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Students Create Sculptures and Paintings Inspired by Iconic Israeli Artists

January 9, 2018 by Jill Stepak (Faculty and Staff)

As part of our yearlong celebration of Israel’s 70th birthday, students are learning about prominent Israeli art and artists, and creating paintings and sculptures inspired by these artists’ works. MILTON students were not only introduced to the works of the iconic artists, but to unique media, materials, and techniques as well.

Second graders have been exploring the work of Sigalit Landau. Drawing inspiration from the topographical, historical, biblical, cultural, political and environmental realms of the Dead Sea, Landau turns to the natural process of salt crystallization, exclusive to the Dead Sea, for her unique artistic technique. Submerging objects and sculptures in its waters, Landau relies on the Dead Sea to breathe life into inanimate objects, which emerge from their submersion as if belonging to a different world. Inspired by Landau’s remarkable work, second graders explored the use of salt in their own art by using glue to create artwork, then sprinkling salt on top. Once the salt was dry, they used watercolors to paint the salt, resulting in fantastical watercolor effects, which appears somewhat like tie-dye!

Meanwhile, third graders learned about Moshe Safdie, an architect, urban designer, educator, theorist, and author. His creations – including his most prominent work, Habitat 67 – are known for their dramatic curves, geometric patterns, and the use of open spaces. His use of geometric shapes is especially perfect for students to recreate using paper. Following a lesson on paper sculpture techniques and using Safdie’s architecture as inspiration, third graders built their own houses, neighborhoods, and stadiums in brilliant color. They learned to support three-dimensional structures using tabs, folds, and other techniques. This project dovetails with the third grade Hebrew curriculum that focuses on home and neighborhood.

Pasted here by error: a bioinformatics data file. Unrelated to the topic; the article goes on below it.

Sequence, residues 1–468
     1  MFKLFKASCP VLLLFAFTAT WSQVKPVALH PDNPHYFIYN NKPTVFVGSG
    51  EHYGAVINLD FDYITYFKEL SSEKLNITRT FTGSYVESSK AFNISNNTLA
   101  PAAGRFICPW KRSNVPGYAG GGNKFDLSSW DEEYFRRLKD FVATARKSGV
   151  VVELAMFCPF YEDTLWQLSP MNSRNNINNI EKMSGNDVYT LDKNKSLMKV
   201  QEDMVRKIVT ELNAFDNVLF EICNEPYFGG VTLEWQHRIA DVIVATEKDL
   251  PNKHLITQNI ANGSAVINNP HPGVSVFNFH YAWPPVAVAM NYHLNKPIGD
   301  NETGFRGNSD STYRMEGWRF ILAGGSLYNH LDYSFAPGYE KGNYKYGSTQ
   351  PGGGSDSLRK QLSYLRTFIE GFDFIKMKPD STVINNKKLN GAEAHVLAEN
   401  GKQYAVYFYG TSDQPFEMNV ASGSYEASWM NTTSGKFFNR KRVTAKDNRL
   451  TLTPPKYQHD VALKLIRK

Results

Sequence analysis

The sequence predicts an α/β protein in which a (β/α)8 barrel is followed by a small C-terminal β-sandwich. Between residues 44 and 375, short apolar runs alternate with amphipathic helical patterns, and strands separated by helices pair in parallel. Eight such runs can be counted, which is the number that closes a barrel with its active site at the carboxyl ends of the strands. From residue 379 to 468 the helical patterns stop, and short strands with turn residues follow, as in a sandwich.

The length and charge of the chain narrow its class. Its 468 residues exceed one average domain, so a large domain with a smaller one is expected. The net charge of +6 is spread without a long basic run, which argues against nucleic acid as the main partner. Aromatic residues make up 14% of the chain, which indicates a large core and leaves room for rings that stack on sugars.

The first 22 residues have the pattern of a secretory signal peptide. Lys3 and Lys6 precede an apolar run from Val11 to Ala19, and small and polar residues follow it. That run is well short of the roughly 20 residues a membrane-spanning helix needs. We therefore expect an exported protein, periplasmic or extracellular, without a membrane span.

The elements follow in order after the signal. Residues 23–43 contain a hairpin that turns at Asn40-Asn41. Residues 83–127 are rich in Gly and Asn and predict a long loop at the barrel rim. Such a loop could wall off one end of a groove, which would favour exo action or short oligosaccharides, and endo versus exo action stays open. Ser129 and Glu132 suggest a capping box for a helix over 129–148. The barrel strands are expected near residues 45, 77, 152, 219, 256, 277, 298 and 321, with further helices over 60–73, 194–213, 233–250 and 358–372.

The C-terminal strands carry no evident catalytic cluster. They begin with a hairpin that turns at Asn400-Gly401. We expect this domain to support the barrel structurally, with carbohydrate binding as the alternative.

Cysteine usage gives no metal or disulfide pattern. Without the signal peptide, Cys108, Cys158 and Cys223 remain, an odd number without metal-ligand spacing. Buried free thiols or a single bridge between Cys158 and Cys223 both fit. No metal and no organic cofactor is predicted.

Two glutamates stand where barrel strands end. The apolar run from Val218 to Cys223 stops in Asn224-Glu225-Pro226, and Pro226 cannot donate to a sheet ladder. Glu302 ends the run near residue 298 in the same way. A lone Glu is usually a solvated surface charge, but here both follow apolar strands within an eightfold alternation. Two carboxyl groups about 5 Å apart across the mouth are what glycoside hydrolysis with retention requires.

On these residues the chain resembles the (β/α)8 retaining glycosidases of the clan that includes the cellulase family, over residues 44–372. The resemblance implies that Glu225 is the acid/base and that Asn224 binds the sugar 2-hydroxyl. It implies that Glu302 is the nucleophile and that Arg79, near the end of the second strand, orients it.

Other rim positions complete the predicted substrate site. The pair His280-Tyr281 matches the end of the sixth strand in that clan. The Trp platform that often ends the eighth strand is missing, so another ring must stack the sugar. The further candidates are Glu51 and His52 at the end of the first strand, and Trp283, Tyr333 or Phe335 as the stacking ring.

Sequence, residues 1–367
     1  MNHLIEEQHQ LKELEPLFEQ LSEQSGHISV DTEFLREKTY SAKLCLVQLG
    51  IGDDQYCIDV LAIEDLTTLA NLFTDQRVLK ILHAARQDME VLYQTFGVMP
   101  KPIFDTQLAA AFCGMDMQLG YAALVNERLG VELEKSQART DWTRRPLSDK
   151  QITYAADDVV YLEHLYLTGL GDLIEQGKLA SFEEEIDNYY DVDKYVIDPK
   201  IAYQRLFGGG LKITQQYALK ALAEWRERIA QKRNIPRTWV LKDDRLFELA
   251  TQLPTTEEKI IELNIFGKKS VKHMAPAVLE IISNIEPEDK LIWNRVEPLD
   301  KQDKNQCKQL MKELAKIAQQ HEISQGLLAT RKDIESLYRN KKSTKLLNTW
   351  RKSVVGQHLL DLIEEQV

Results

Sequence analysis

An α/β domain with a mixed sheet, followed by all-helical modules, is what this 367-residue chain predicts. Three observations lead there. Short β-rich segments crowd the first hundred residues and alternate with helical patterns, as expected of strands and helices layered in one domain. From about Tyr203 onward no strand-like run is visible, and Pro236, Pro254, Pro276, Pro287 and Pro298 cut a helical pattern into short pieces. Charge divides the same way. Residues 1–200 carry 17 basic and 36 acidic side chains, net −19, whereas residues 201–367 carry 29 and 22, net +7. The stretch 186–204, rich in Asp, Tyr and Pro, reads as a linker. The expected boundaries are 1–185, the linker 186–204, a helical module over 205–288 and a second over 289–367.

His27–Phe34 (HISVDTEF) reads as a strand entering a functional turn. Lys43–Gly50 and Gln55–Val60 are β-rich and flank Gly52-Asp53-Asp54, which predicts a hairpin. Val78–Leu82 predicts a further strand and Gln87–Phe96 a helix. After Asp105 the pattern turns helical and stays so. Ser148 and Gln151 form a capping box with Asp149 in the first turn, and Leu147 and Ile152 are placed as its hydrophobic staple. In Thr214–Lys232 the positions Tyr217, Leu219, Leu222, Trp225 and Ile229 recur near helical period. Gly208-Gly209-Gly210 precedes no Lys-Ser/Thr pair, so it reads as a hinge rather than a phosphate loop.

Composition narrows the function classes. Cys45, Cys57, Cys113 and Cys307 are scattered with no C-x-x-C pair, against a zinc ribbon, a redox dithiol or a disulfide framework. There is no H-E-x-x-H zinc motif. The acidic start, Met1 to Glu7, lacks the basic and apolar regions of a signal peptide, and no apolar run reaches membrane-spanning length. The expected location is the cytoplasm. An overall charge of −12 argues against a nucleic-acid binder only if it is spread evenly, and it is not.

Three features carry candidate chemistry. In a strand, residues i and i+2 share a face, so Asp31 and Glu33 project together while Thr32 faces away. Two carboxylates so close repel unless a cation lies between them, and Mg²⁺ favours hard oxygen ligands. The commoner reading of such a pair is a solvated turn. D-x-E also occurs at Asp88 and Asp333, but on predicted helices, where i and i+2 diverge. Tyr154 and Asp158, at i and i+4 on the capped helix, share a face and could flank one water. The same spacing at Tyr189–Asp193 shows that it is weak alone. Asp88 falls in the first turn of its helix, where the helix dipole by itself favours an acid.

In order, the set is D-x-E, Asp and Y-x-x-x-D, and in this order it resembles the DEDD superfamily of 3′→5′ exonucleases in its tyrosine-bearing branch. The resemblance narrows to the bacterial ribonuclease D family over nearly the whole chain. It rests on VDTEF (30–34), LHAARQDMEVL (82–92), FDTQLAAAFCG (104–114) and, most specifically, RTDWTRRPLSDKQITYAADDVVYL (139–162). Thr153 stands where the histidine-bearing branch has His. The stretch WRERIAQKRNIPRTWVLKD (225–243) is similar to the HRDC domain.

Fourth graders took inspiration and guidance from the sculptures of Robert Indiana, specifically his 1977 Hebrew recreation of his iconic LOVE sculpture, AHAVA, which he gifted to the Israel Museum in Jerusalem. Indiana’s sculptures translate the two-dimensional written word into precise and monumental three-dimensional art. During a unit on three-dimensional paper sculpture, fourth graders were challenged to create a paper sculpture of their names. Students really used their own imaginations to figure out how their letters could stand up on their own. They were encouraged to use different folding and cutting techniques, and to strategically use glue rather than tape to “hide the secret” of how their artwork was made.